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Red Bull, Toro Rosso to use Renault engines in 2017-18

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Formula One - Monaco Grand Prix - Monaco - 28/5/16. Red Bull Racing F1 driver Daniel Ricciardo attends the third practice session. REUTERS/Eric Gaillard
Formula One - Monaco Grand Prix - Monaco - 28/5/16. Red Bull Racing F1 driver Daniel Ricciardo attends the third practice session. REUTERS/Eric Gaillard

By Alan Baldwin

MONACO (Reuters) - Red Bull completed their reconciliation with Renault on Sunday by announcing that they and sister team Toro Rosso will use Formula One engines provided by the French manufacturer in 2017 and 2018.

Red Bull currently use Renault power units with Tag Heuer branding and that will stay the same.

The energy drink brand's Italy-based junior team Toro Rosso were powered by Renault last year but agreed a deal with Ferrari to use their 2015 engines this season.

Red Bull said Toro Rosso could change the name of their Renault engines if they wished to do so as part of the new agreement.

"We are delighted to extend our partnership which has proved very successful over time," said Red Bull team principal Christian Horner in a statement at the Monaco Grand Prix, where his Australian driver Daniel Ricciardo qualified on pole position for the first time.

"After the reconstruction that Renault has undertaken, clear progress has been made which has made it logical to continue with the TAG Heuer badged engine."

Red Bull and Renault first partnered in 2007 and won four successive drivers' and constructors' championships with Germany's Sebastian Vettel between 2010 and 2013, as well as 51 grands prix to date.

The relationship fell apart with the introduction of the new V6 turbo hybrid engine formula in 2014, with Renault's offering both unreliable and uncompetitive.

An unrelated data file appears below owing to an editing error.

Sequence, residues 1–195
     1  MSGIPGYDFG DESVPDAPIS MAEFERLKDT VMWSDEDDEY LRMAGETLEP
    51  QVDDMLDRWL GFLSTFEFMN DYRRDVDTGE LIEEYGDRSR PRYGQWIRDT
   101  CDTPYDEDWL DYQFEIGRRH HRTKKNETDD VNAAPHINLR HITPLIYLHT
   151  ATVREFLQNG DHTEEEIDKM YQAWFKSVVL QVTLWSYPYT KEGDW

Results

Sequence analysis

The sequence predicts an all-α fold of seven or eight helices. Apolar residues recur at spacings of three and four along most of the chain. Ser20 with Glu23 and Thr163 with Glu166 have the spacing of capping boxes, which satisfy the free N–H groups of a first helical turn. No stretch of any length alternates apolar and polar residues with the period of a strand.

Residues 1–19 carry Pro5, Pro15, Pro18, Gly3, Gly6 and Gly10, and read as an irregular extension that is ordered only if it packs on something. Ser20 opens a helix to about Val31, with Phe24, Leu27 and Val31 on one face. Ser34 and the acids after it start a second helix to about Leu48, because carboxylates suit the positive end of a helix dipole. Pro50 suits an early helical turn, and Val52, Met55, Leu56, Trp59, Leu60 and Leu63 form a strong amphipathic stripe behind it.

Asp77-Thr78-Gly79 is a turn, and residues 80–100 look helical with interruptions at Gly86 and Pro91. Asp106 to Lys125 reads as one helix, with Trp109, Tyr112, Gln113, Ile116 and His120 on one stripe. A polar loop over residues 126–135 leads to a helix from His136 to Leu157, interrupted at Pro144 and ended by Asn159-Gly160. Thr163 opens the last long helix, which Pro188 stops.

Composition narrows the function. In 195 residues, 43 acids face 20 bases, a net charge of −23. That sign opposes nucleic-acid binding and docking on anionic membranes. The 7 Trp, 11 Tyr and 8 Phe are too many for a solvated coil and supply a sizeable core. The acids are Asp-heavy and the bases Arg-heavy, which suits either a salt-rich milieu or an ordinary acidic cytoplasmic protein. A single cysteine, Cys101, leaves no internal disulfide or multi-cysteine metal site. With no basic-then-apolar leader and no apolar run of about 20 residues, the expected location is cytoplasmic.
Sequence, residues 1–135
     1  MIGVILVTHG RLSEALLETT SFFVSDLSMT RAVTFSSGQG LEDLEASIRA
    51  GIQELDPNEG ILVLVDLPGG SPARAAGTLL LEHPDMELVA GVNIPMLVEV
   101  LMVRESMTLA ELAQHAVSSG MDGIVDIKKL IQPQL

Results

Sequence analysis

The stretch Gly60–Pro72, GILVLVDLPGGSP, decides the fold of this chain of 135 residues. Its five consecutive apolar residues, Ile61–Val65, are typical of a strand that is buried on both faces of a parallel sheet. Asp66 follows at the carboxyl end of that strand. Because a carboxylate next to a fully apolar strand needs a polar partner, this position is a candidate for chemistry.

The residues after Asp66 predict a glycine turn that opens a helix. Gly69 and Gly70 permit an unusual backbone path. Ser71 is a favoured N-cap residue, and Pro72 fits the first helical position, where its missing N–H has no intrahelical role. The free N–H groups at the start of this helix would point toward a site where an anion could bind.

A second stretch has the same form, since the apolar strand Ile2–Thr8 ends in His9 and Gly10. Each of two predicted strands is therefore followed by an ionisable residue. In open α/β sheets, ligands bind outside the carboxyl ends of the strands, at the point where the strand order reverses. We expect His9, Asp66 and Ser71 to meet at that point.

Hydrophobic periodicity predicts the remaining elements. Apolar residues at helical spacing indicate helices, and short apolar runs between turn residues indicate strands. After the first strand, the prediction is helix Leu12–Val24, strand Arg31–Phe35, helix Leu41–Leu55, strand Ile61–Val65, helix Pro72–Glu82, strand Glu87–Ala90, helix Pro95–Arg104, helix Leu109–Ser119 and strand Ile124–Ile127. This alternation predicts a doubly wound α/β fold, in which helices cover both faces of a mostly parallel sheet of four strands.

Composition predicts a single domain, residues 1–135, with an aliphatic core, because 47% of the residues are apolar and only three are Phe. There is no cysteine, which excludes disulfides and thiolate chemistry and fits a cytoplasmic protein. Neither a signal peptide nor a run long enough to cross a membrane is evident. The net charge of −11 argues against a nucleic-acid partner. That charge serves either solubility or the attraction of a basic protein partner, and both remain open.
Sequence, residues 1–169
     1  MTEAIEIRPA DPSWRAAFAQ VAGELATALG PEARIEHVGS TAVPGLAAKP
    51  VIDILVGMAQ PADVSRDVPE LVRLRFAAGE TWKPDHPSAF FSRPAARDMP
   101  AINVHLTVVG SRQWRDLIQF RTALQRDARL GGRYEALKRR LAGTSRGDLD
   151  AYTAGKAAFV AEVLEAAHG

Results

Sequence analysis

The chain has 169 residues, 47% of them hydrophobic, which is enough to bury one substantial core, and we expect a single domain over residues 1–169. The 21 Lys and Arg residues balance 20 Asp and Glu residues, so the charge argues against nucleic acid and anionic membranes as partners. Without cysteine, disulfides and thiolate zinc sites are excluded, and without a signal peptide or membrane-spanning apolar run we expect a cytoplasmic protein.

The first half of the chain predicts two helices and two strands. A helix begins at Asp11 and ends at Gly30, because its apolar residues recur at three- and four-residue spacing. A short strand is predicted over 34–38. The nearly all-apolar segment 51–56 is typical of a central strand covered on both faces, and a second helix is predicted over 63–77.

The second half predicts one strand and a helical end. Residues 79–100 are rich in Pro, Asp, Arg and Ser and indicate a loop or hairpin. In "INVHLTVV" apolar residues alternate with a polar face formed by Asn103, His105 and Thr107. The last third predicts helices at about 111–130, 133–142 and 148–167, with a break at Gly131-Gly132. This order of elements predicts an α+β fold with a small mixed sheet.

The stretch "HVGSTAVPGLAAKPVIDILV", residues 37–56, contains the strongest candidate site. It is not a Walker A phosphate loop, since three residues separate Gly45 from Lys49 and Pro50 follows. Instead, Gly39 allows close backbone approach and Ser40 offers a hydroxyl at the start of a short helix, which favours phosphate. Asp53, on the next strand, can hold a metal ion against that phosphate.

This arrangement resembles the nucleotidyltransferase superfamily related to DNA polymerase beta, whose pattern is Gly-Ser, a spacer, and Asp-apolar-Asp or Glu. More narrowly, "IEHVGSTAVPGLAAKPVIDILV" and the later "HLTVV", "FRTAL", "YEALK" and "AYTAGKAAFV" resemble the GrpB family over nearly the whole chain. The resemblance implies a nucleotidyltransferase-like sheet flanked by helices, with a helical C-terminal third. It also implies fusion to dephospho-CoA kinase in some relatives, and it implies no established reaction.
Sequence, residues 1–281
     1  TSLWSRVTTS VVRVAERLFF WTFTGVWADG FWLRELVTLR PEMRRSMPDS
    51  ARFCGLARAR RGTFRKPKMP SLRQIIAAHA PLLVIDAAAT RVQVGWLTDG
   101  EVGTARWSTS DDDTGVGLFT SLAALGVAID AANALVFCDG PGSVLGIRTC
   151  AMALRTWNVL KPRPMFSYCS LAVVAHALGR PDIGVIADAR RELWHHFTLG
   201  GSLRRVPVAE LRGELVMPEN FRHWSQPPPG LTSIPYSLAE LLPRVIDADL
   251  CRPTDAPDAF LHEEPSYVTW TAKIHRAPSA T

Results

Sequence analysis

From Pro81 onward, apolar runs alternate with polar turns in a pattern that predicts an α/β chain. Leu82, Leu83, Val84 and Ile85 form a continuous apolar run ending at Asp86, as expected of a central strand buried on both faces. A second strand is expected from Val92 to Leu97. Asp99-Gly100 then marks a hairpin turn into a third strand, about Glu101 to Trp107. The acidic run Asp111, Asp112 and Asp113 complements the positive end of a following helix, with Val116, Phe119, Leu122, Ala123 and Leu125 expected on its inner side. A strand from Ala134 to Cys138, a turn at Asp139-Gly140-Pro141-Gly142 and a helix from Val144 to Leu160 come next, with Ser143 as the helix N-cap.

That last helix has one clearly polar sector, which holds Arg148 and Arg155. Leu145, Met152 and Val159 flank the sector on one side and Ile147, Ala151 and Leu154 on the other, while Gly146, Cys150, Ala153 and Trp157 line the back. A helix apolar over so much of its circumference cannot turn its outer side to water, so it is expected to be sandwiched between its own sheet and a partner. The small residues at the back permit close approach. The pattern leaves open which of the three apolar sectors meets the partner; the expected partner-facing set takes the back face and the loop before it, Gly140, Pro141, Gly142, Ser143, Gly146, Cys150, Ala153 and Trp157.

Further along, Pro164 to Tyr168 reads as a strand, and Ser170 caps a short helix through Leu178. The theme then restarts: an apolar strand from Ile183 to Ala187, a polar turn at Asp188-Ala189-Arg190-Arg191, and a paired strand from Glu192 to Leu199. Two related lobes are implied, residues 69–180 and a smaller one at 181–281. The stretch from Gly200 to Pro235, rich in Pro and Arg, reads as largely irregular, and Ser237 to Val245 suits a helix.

The partners appeared to have reached breaking point last year, when Red Bull tried to find an alternative supplier and warned they might quit the sport if they could not secure a competitive engine.

They ended up with a compromise deal, after failing to find another source, staying with Renault but with the engines renamed after their Swiss watchmaker sponsor.

Renault, who now have their own works team after buying failing Lotus, have made big steps with the power unit since then and 18-year-old Dutch driver Max Verstappen won the Spanish Grand Prix on his Red Bull debut two weeks ago.

Ricciardo has a new specification engine in Monaco that Renault estimate could offer half a second a lap in performance at some circuits.

"We are very pleased to partner with two such strong teams as Red Bull Racing and Scuderia Toro Rosso," said Renault Sport Racing president Jerome Stoll in a statement.

"Having competitive partners demonstrates the confidence both have in the improved Renault power unit and in our organisation as a whole."

(Editing by John O'Brien)


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